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Research (Published online: 30-09-2015)

18. Epidemiological surveillance of capybaras and ticks on warning area for Brazilian spotted fever - José Brites-Neto, Jardel Brasil and Keila Maria Roncato Duarte

Veterinary World, 8(9): 1143-1149



   doi: 10.14202/vetworld.2015.1143-1149


José Brites-Neto: Department of Epidemiological Surveillance, Secretariat of Health, Americana, São Paulo, Brazil;

Jardel Brasil: Department of Epidemiological Surveillance, Secretariat of Health, Americana, São Paulo, Brazil;

Keila Maria Roncato Duarte: Department of Genetics and Animal Reproduction, Institute of Animal Science, Nova Odessa, São Paulo, Brazil;


Received: 05-03-2015, Revised: 19-08-2015, Accepted: 28-08-2015, Published online: 30-09-2015


Corresponding author: José Brites-Neto, e-mail:

Citation: Brites-Neto J, Brasil J, Duarte KMR (2015) Epidemiological surveillance of capybaras and ticks on warning area for Brazilian spotted fever, Veterinary World 8(9):1143-1149.

Aim: The vulnerability of tropical developing countries to the emerging disease constitutes a critical phenomenon in which the invasion of wild niches by human hosts, contributes to expansion of zoonotic diseases, such as the Brazilian spotted fever (BSF). This study performed a diagnosis of species occurrence of their hosts (Hydrochoerus hydrochaeris) and vectors (Amblyomma sculptum and Amblyomma dubitatum) on the warning area for this reemerging disease in Brazil.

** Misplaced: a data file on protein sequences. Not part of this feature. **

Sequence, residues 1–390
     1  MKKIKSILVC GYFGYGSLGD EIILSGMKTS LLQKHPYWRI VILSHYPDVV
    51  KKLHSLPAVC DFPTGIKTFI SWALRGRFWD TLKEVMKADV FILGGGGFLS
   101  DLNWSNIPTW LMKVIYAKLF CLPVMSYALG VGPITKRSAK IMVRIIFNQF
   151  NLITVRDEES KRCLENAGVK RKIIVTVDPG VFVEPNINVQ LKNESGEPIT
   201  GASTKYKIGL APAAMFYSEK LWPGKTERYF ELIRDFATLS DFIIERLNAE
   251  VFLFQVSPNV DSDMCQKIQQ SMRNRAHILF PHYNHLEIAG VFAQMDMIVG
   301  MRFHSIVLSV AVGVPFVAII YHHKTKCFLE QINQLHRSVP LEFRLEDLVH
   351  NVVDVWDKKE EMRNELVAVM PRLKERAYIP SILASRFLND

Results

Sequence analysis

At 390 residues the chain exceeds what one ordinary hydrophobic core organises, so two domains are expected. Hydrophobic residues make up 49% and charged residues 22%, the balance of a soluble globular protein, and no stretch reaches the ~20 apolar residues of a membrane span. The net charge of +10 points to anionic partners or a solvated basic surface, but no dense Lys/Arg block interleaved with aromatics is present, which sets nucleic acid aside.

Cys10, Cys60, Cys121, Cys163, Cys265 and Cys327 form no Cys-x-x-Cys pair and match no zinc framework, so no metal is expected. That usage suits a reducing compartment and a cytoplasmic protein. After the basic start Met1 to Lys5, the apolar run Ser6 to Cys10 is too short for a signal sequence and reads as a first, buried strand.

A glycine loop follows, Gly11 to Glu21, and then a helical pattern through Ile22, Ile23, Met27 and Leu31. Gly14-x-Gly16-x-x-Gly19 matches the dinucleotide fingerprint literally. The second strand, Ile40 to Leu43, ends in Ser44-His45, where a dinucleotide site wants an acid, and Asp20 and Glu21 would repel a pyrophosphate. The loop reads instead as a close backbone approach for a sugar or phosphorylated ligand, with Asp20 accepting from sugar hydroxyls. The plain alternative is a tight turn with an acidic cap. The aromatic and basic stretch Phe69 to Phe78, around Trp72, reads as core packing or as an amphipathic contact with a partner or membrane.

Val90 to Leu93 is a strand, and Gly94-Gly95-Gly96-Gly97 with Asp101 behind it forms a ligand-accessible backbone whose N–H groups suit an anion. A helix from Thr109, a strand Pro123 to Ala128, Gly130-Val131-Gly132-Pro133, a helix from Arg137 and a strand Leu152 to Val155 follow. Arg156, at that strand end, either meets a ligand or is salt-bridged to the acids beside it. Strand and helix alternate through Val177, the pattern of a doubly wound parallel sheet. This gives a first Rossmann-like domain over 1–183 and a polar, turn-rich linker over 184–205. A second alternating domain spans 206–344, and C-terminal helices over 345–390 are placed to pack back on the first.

Materials and Methods: The study was conducted in a warning area for BSF in the city of Americana, São Paulo state. The occurrence of capybaras was registered by use of binoculars and GPS equipment and 24 acarological researches were performed through 180 CO2 traps. Samples of adult ticks were dissected for salivary glands removal, DNA extraction, and evaluation by polymerase chain reaction (PCR) being tested by initial gltA-PCR, ompA-PCR, and Rickettsia bellii-specific PCR, with the positive samples subjected to sequencing.

Results: Eleven clusters of capybaras (total of 71 individuals), were observed along the riparian of Ribeirão Quilombo and 7,114 specimens of A. sculptum and 7,198 specimens of A. dubitatum were collected in this same area. About 568 samples of adult ticks were dissected for salivary glands removal, DNA extraction and evaluation by gltA-PCR, with results of 1.94% (11/568) of positive samples. Results for the initial gltA-PCR indicated none positive sample to Rickettsia species into A. sculptum and 11 positive samples to A. dubitatum. These samples were negative to the ompA-PCR and positive to the Rickettsia bellii-specific PCR protocol and subjected to DNA sequencing, whose result indicated 100% similarity to Rickettsia bellii. The distribution of tick species A. sculptum and A. dubitatum was configured regarding to the biotic potential of the riparian areas, measuring the risks for BSF in peri-urban areas of Americana.

Conclusion: These results confirmed a status of epidemiological warning with a strong association of the amplifiers hosts of Rickettsia and tick vectors for the transmission of BSF to humans in this region.

Keywords: acarological research, Amblyomma dubitatum, Amblyomma sculptum, Hydrochoerus hydrochaeris, riparian forests, Rickettsia spp.

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